Nazira Bakes: Mochi

It’s been a while since I’ve done something aesthetically pleasing… Here we go!


Fresh plate of Mochi made this morning (my third try)!

It’s this funny little ball of gooey substance made out of glutinous rice flour. One of the most amazing Japanese snacks that I have encountered (besides Takoyaki!). Apparently, it’s really easy to make. But I did make mistakes before with this simple dish.

*cough* I didn’t know the difference between a conventional oven and a microwave *cough*

But now I do! And since I don’t have a microwave at home, I use the traditional rice-cooker-becomes-a-steamer method. It takes twice as long as when you use a microwave, but it doesn’t take more than 20 minutes, tops.

A foolproof way to steam your glutinous rice flour dough.
Put a clean cloth so that the vapour doesn’t fall back into the bowl of Mochi!

I made Mochi two times after the first failed attempt – and my third try was considerably much better. That’s because I made the effort to go to Phoon Huat (Clementi Outlet) to get Red Bean paste. I was a little lazy to make anko (red bean paste) from scratch since it takes over an hour! (At the time of writing, Phoon Huat is having a 15% sale across all items!)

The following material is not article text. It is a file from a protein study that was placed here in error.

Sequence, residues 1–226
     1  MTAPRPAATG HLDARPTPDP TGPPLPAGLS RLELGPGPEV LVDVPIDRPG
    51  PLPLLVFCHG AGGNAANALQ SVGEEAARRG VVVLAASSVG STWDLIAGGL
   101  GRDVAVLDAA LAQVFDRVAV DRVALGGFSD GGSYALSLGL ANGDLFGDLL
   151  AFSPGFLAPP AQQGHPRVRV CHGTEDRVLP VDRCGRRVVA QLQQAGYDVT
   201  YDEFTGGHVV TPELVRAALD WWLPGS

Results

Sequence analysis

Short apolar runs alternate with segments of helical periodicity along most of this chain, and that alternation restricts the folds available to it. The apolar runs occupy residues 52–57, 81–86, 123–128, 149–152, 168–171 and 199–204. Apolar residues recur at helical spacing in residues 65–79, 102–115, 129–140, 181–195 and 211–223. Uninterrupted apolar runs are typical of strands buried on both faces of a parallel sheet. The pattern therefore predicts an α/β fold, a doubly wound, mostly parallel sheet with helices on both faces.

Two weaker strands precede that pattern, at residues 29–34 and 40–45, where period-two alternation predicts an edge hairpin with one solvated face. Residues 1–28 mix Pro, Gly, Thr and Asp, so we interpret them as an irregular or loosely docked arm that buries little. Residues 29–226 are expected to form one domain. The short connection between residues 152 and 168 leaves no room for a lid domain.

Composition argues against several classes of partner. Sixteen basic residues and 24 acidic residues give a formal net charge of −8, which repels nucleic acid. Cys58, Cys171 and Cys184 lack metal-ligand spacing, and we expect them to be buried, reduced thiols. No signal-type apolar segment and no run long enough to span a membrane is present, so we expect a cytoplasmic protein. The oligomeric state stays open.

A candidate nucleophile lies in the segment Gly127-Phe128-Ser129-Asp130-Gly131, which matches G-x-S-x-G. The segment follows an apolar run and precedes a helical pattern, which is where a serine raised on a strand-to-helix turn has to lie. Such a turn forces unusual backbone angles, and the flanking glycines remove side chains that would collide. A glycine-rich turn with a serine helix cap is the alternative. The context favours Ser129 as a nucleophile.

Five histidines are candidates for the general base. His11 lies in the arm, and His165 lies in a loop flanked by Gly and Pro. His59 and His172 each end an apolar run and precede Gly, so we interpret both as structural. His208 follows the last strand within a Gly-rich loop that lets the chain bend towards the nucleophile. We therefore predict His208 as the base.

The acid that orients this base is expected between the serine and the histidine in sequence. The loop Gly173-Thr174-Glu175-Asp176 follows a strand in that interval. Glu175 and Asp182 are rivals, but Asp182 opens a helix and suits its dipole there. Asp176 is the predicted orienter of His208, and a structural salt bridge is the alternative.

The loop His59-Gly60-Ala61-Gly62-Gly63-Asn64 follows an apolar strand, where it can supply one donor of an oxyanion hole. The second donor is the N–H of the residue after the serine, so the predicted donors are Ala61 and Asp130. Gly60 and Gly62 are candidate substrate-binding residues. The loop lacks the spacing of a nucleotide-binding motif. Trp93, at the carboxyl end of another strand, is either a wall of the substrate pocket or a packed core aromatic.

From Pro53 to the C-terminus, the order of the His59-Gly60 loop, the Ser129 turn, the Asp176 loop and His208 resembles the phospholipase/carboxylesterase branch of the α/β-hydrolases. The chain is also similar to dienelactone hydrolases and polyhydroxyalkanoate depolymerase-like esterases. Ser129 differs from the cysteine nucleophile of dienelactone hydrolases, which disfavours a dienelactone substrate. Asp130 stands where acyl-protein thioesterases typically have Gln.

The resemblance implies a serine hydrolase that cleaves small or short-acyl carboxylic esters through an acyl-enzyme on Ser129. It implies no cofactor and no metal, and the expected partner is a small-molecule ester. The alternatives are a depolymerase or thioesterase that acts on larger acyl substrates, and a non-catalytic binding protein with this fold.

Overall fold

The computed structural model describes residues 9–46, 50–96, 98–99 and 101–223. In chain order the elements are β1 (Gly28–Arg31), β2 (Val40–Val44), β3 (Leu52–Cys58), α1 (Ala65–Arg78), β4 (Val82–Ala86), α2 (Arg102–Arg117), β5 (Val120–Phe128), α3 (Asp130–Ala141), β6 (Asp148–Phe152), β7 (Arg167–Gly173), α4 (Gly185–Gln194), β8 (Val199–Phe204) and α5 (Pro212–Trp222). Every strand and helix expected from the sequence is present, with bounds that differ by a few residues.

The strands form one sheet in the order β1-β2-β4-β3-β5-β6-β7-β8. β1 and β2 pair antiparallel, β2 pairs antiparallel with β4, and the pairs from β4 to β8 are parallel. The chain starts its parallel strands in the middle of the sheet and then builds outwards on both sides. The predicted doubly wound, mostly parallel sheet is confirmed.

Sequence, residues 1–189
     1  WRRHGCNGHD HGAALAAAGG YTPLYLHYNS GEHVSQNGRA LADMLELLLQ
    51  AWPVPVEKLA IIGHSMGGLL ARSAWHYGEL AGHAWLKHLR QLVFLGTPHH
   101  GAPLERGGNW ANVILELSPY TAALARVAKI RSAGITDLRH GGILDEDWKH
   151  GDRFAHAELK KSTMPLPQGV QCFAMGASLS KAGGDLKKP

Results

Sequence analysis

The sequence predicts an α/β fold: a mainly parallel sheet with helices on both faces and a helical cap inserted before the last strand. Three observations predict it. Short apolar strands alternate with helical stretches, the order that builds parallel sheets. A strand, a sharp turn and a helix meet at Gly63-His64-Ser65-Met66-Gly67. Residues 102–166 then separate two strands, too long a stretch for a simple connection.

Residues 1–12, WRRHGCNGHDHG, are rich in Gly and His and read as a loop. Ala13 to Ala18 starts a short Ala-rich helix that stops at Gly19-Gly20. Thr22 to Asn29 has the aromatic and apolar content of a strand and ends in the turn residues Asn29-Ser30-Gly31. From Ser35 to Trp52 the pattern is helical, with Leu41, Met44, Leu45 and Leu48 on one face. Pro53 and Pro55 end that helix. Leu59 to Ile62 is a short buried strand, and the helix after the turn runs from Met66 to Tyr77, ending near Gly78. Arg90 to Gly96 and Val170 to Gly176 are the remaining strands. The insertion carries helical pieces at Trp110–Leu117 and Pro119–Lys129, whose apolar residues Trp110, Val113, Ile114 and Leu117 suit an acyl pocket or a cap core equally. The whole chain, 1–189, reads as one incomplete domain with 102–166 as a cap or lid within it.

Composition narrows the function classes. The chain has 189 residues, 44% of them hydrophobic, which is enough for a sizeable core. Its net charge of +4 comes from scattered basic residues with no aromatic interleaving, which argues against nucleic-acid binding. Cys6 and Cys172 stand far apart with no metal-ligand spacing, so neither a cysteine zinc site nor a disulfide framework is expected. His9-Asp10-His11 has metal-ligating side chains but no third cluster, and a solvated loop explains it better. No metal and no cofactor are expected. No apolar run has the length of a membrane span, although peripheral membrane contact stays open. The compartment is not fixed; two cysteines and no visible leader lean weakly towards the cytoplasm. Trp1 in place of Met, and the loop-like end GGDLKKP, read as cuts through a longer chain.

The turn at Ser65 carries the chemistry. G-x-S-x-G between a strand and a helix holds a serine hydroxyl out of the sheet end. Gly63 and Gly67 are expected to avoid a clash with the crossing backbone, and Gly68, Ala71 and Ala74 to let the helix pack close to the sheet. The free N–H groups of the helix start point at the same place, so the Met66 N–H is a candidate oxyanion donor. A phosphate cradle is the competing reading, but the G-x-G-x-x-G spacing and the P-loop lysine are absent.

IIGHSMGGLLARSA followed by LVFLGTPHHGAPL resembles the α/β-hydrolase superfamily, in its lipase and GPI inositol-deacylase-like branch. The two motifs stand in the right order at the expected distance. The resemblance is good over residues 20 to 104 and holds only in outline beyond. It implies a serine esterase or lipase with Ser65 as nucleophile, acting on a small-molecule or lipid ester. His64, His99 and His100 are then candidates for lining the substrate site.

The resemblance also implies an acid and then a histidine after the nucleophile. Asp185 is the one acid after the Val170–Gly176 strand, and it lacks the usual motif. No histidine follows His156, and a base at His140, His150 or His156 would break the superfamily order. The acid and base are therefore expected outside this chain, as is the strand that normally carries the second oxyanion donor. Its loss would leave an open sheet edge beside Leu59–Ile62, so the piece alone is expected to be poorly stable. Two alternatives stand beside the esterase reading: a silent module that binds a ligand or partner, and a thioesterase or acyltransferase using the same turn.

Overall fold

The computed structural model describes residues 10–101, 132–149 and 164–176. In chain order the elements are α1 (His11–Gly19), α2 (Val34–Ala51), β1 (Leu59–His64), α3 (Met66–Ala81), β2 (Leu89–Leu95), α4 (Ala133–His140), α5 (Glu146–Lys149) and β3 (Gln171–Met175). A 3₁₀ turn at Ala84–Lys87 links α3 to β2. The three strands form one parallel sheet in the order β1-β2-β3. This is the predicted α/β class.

Doesn’t taste fresh since it is preserved after all, but it is better than nothing.

However, the manufactured taste wasn’t really obvious after I coated the little balls of red bean paste into layers of mochi. It helped that I steamed the anko before I scooped it into a layer – the plasticky smell went away!

Whatever you do, make sure you cover all contact points with potato or corn starch!

Glutinous rice flour is really stickand I am not even joking. Coupled with a hot batch of Mochi from the steamer/rice cooker, you don’t really want to have the Mochi block stick to your work station. You can see above that I used a large piece of parchment/baking paper because it’s easy to clean up after.

& it doesn’t hurt having lots of potato starch covering the contact points such at the spatula, parchment paper, rolling pin and your hands. Washing glutinous bits off your hands and bowls is difficult… /shuddersimg_8923

Besides all the nitty gritty things, I absolutely loved making Mochi. It’s a peaceful Japanese art which I definitely took my time in measuring the exact amounts of ingredients.


Interested to try making Mochi? Here‘s the recipe or alternatively, you may watch the video below:

I had so much fun making it, and I hope you do too!



p.s. I was totally inspired by Peaceful Cuisine on Youtube, so I decided to try and record my own version… (which is terrible but at least I could say I tried??)


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